Accused Qaeda operative faces U.S. trial, despite refusal to appear

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By Joseph Ax and Nate Raymond | NEW YORK

NEW YORK An accused al Qaeda operative charged
with engaging in attacks on U.S. forces that killed at least two
American servicemen in Afghanistan is set to face trial on
Monday in federal court in Brooklyn, New York.

Ibrahim Suleiman Adnan Adam Harun, also known by the nom de
guerre Spin Ghul, or White Rose in the Pashto language, is
accused of conspiring to kill Americans and providing support to
a terrorist group, among other charges. An anonymous jury will
hear the case, which is not uncommon in national security

Harun, 47, is not expected to be in court. Since his
extradition from Italy in October 2012, the Saudi-born defendant
has insisted he is a “warrior” who should face a military
tribunal rather than criminal proceedings and has registered his
dissent through increasingly aggressive courtroom behavior.

Before one appearance last May, Harun scuffled with U.S.
marshals, tore off his clothes, then disrupted the hearing by
screaming from an adjacent holding cell.

He has refused to speak with his court-appointed lawyers for
two years. At their request, U.S. District Judge Brian Cogan is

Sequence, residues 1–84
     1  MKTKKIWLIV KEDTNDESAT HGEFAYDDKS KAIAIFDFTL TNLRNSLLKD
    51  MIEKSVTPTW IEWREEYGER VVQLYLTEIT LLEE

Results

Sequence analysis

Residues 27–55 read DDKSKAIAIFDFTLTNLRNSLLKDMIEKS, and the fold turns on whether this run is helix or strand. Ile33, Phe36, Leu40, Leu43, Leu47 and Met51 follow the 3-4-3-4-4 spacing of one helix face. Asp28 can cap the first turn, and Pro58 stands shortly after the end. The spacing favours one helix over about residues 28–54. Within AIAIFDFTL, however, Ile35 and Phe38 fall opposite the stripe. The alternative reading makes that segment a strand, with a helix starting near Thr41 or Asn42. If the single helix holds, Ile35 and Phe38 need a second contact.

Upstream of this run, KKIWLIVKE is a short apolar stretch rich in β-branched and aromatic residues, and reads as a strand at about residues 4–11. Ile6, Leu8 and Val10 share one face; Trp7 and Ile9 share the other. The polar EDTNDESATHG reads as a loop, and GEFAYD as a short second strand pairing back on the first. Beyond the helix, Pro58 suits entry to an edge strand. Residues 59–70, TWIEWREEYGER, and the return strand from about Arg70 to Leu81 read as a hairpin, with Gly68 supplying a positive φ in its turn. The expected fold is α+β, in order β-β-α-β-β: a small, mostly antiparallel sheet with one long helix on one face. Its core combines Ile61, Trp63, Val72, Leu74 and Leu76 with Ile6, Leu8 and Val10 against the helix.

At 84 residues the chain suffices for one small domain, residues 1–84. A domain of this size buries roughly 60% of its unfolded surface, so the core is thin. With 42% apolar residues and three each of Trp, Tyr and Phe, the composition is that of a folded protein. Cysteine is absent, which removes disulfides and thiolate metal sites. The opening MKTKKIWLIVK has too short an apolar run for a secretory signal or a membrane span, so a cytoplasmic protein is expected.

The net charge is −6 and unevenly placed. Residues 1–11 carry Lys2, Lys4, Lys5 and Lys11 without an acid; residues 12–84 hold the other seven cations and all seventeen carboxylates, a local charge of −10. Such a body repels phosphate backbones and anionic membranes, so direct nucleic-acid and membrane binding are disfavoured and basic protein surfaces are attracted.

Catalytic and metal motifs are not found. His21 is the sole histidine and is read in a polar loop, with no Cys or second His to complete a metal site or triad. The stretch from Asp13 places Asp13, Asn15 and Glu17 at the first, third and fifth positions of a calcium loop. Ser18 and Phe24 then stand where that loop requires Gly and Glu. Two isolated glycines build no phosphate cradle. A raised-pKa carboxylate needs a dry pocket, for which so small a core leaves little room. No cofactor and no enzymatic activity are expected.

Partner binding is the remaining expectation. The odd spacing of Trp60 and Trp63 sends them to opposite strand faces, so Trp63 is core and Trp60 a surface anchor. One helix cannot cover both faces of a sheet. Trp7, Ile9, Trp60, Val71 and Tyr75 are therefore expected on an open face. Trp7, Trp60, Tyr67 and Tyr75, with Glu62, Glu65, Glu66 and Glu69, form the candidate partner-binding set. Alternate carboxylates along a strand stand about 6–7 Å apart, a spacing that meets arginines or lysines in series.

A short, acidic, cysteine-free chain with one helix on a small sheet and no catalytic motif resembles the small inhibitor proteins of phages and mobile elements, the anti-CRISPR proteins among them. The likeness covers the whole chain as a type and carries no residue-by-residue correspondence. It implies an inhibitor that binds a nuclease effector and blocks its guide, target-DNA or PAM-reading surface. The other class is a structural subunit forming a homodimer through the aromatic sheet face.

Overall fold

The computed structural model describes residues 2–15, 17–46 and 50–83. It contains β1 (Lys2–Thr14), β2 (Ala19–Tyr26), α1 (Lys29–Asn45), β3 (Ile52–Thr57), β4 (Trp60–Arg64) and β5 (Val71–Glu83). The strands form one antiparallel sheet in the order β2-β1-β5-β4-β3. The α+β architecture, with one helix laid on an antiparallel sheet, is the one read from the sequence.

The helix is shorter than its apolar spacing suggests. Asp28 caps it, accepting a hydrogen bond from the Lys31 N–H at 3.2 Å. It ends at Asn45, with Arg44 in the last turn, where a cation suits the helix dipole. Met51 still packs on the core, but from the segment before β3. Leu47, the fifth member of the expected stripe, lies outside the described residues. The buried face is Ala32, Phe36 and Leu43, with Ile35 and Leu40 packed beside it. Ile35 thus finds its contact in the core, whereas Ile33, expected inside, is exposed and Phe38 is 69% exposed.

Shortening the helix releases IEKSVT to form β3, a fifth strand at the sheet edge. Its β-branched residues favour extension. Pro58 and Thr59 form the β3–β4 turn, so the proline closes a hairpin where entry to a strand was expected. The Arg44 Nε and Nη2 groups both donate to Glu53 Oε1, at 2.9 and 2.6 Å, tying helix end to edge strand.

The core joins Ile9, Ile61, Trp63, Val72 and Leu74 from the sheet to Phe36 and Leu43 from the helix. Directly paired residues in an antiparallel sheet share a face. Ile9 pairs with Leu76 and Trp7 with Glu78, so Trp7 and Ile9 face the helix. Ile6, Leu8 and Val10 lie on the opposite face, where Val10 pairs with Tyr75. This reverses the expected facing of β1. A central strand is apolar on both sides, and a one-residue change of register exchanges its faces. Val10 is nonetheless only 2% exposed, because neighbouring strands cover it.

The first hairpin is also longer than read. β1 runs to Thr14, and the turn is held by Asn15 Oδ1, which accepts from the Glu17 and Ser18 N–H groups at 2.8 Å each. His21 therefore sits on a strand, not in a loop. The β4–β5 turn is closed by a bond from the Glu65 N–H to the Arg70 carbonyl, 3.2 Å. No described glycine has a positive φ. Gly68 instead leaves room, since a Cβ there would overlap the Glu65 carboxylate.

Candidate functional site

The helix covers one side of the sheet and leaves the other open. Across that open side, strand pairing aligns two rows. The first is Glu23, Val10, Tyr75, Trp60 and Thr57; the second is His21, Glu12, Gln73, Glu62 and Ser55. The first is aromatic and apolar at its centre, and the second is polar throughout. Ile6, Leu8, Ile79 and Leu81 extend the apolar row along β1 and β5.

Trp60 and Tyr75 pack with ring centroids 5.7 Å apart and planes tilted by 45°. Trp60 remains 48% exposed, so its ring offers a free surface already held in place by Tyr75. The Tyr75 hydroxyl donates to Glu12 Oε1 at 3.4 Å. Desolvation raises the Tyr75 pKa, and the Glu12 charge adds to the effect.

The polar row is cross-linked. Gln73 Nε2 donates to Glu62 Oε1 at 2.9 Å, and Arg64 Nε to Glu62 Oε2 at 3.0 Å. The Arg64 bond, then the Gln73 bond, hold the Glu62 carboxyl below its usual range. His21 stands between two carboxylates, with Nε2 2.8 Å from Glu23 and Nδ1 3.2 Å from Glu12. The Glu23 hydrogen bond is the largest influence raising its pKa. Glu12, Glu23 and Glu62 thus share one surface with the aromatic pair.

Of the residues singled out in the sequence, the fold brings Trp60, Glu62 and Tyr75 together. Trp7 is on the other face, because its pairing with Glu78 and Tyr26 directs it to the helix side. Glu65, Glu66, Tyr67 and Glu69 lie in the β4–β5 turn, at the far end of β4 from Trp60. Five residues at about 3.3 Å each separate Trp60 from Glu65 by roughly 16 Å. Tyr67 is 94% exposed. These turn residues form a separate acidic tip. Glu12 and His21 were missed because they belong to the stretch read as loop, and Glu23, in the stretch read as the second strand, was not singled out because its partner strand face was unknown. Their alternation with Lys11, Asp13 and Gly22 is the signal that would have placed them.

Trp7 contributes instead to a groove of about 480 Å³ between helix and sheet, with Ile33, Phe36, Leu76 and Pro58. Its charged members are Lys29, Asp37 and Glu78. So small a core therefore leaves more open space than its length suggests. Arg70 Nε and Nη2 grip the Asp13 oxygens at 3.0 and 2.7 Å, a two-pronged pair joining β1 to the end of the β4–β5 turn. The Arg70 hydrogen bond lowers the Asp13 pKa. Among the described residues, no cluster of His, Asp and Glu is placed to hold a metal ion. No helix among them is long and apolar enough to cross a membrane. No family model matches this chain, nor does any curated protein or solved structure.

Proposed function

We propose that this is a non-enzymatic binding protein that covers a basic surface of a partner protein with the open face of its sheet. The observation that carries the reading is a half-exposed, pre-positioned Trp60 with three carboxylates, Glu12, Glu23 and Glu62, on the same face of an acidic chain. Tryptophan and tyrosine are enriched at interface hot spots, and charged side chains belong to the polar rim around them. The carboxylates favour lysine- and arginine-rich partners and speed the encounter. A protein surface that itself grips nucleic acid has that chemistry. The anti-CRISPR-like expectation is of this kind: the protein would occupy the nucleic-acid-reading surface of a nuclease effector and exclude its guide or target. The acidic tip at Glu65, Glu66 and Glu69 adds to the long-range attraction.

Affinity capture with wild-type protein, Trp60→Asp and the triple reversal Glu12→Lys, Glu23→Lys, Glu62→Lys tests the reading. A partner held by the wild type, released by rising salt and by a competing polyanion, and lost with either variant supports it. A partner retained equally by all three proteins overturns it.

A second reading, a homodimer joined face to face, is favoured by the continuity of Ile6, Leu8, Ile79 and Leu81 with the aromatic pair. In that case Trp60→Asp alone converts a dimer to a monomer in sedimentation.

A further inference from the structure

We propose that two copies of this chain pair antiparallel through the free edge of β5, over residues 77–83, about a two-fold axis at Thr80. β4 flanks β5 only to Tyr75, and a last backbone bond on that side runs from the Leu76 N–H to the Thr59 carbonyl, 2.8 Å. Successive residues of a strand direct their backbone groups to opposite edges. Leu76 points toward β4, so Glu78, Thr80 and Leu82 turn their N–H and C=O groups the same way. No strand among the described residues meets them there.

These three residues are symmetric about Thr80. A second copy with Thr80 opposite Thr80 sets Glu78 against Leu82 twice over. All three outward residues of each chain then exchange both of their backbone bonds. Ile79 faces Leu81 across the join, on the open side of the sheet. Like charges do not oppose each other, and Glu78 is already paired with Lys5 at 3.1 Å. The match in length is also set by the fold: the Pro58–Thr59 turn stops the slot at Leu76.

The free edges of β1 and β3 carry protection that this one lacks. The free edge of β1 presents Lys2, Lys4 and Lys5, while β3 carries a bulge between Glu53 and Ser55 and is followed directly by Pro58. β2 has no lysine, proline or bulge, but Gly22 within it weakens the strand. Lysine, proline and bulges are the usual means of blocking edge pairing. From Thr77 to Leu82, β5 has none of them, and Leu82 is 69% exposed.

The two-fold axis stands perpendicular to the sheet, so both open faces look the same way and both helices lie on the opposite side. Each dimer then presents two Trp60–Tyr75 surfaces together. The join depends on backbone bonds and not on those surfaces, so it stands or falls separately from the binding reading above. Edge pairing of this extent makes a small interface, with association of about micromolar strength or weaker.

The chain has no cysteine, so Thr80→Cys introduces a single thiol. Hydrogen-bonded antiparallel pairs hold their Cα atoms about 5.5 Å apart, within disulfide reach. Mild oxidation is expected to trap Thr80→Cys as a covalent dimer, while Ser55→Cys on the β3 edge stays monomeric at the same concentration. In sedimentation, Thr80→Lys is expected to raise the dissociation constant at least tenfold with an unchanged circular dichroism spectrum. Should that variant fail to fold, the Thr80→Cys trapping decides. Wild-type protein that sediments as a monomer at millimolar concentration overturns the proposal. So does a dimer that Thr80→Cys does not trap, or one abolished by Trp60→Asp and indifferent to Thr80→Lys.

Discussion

permitting Harun to monitor his trial by video from a jail cell.

At a hearing in February to determine if Harun was mentally
fit to stand trial, a psychologist called by the defense
testified that Harun was delusional, pointing to his refusal to
shower while in jail.

But Cogan declared Harun competent, finding that his
behavior was a deliberate act of protest.

“His lack of respect for this court and his rejection of
these legal proceedings does not demonstrate his incapability of
assisting in his defense,” Cogan said.

Harun was captured in Libya in 2005 and released in 2011 to
a refugee ship headed for Italy before Italian authorities
seized him and notified U.S. federal agents, who interviewed him
in Italy, according to court papers.

Prosecutors say Harun, who says he is a citizen of Niger,
admitted he joined an al Qaeda training camp in Afghanistan
shortly before the Sept. 11, 2001, attacks on U.S. soil.

Harun engaged in numerous attacks against American troops
along the Afghanistan-Pakistan border, including one that killed
a U.S. Army private and an Air Force airman, U.S. authorities

Eventually, Harun traveled to Nigeria, where he plotted to
bomb the U.S. Embassy there, according to court papers.

Harun faces life in prison if convicted, but cannot be
executed under terms of his extradition.

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